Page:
The leather of the L.L Bean Casco Bay Boat Mocs is durable but also flexible, comfortable, and easy to clean. There is also a leather liner on the inside of the shoe which makes wearing short socks more comfortable, although the shoe is just as comfortable without socks. This is great, as it makes taking the shoes on and off super simple! The shoes also have leather laces and a lace-up top. As this is a slip-on shoe, you only have to tie the shoes once. 

Atlantic Heritage Comfort Boat Shoe

The Atlantic Heritage Comfort Boat Shoe strikes the perfect balance between traditional styling and modern functionality. It resembles a modern running shoe, but also features a suede and stitched design, anti-slip characteristics, and incredible support. 

Flat-soled shoes can often be uncomfortable, especially if you suffer with foot, back, or knee problems. But there’s no need to worry about that with these Atlantic Heritage shoes, as they provide all the support a modern shoe should. In fact, this shoe boasts comfort. It’s designed to be worn comfortably all day, and is easy to wear when walking along sand and gravel, elevating you in all the right places. 

These shoes also have a patented anti-slip sole that is designed to leave no marks as well as provide traction, and despite not technically being waterproof, they hold up to water well too.

Riomar Deck Driver Stingray Boat Shoe

The Riomar Deck Driver Stingray perfectly combines traditional styling with a modern non-slip grip for use in wet and dry sailing conditions. What makes these shoes stand out is their sole that features a series of protruding, flexible rubber buttons that adapt and conform to the shape of the ground to give you the best grip.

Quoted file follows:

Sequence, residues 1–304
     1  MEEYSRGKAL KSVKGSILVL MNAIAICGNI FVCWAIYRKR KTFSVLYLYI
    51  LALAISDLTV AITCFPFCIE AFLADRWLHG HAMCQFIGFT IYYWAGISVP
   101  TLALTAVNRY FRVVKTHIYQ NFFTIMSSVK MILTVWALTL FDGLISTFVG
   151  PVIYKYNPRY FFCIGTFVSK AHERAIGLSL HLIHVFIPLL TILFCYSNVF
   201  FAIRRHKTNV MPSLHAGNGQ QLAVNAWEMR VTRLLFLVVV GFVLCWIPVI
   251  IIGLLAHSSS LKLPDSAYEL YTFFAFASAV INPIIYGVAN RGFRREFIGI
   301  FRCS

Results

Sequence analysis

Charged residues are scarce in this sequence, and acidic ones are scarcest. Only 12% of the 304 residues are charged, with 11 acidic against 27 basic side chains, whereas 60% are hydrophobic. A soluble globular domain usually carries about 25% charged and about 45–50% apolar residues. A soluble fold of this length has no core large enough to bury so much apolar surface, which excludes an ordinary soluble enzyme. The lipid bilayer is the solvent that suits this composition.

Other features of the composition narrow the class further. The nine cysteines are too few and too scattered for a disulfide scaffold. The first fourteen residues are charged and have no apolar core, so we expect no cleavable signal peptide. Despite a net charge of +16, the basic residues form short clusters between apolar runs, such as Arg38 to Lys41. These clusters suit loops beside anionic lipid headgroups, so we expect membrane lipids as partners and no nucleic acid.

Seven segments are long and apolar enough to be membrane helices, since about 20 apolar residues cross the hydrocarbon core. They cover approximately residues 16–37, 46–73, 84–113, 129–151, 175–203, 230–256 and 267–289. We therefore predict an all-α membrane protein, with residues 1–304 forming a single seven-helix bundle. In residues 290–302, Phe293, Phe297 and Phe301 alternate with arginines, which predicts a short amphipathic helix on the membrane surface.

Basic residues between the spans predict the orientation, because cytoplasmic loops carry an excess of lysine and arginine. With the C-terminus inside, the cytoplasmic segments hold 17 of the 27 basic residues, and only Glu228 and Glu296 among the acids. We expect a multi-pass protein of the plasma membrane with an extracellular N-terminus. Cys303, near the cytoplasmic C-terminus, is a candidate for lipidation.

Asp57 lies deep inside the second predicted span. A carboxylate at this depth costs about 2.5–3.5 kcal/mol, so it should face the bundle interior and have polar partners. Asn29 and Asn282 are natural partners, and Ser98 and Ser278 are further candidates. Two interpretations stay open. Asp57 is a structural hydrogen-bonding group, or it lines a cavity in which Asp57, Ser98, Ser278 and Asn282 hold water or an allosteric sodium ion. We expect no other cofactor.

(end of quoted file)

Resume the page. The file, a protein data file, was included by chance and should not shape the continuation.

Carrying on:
These shoes are also non-marking – good news if you’re wearing these shoes on boats with polished white fiberglass deck spaces. These shoes are not just flexible but comfortable too, and can be worn with or without socks.

Riomar is known for producing excellent marine shoes and the Deck Driver Stingray is no exception. If you’re looking for sailing shoes that are stylish and attractive but are practical too, look no further than this modern sailing shoe.

DLGJPA Lightweight Aqua Water Shoes

The DLGJPA Lightweight Aqua Water shoe is not your ordinary traditional boat shoe, as this woven pair is designed for grip and to be worn in wet conditions. When it comes to water-resistance, DLGJPA went a bit out of the box with their design.

These shoes are not designed to keep water out, but instead to let it flow around and inside the shoe. If this seems very strange and counterintuitive, the woven design of the shoe is so quick-drying that you won’t even notice your shoes getting wet in the first place. This is because the bottom of the shoe is perforated so it drains water quickly.

The Aqua Water shoe was designed for warm climates with wet tropical environments and for water sports. These shoes would be ideal if you’re launching boats and you need to get in the water to guide the vessel.

These shoes are super lightweight and breathable, making them a comfortable option when warm weather sailing.

SWIMS Waterproof Penny Loafer

The SWIMS Waterproof Penny Loafer is another unique shoe that is comfortable, modern, stylish, and machine-washable. It is a modern twist on an old design and is again a great option for warm-weather sailing. It is also totally waterproof and holds up well in wet conditions, and even in particularly rough and terrible conditions its antimicrobial materials help you to stay sanitized.

The shoe also has a traction sole design with scoring and anti-slip details. It’s great for walking around fiberglass or wooden decks and even when the deck is wet maintains traction. 

Inspired by penny loafers, these shoes are both stylish and comfortable and can be worn with or without socks, although they are designed to be worn without socks ideally. 

Xtratuf 6 in Ankle Deck Boots

If you’re anticipating rough weather these modern deck boots are sure to come in handy. The clue is in the name, after all. They’re extra tough!